You assign one name to each device you add, plus an icon from Lutron's very limited selection (one table lamp, a pair of table lamps, two types of light stands, a desk lamp, and holiday lighting). All Pico remotes are assigned the same icon and you can't change it (but you can change the device that the remote controls).
I didn't encounter any installation hiccups with Lutron's bridge; then again, I enrolled only two devices: A dimmer module and a Pico remote. But there were many occasions when I would activate the Lutron app on my device, and there would be a one- to two-second delay with the message "starting up" displayed (the Android app reported "connecting to bridge"). Insteon's app, to its credit, didn't exhibit this behavior, but Lutron's app doesn't make you tap any icons to access your devices--icons for those and for any scenes you've created are displayed right on its homepage--so the wait time to perform an action is about the same with both.
If you have a complex setup, you can choose which devices and scenes appear on the home screen. What's even better is that you can add scenes to an iOS Today widget or Android notification drawer, so you don't even need to launch the app to set a lighting scene--just swipe down from the top and tap it (you can also create other Android widgets for scene controls).
Scenes and schedules
Lutron's Caseta taxonomy has you group devices into rooms, and groups of rooms into zones, so that you can tell Siri something like "turn off the downstairs lights." But Lutron's app doesn't display this organization unless you drill down into its Siri Integration menu. Lutron instead lumps all lighting and window-shade controls under the heading of Lights & Shades on its home screen, where there's only enough room for four icons for devices and four icons for scenes, because one-third its area is consumed by a functionless photo of a room that's not even from your home. If you want to see more of either, you must tap the More button.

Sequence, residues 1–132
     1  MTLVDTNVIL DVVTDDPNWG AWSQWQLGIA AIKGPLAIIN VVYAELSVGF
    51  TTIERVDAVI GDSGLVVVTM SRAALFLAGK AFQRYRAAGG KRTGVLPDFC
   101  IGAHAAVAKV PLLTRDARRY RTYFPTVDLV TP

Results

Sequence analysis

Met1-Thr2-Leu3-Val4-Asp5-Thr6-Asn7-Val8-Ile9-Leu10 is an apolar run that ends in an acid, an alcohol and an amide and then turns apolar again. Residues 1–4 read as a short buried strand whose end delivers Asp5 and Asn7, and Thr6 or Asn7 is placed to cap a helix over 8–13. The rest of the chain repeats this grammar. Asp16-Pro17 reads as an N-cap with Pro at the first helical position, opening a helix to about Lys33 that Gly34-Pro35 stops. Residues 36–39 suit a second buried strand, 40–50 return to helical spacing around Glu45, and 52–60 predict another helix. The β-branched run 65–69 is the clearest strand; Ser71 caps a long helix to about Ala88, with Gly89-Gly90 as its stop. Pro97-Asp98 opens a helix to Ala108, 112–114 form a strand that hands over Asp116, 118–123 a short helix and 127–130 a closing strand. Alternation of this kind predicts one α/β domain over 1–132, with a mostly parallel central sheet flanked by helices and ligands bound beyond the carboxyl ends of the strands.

As with Insteon's app, scenes let you set lighting and window-shade controls to pre-defined values (on, off, 50-percent brightness, open, closed, etc.) that can be recalled at the touch of an icon or with a Siri command (read the introduction to this roundup for a more in-depth discussion of Siri). As I did with the Insteon hub, I created a scene labeled "Romantic Dinner" that dimmed the controlled lamp to 40 percent brightness. You can create as many scenes using as many devices as you want, but you must select each individual device that you want to include in the scene--you can't enroll an entire room or zone.
Sign up for CIO Asia eNewsletters.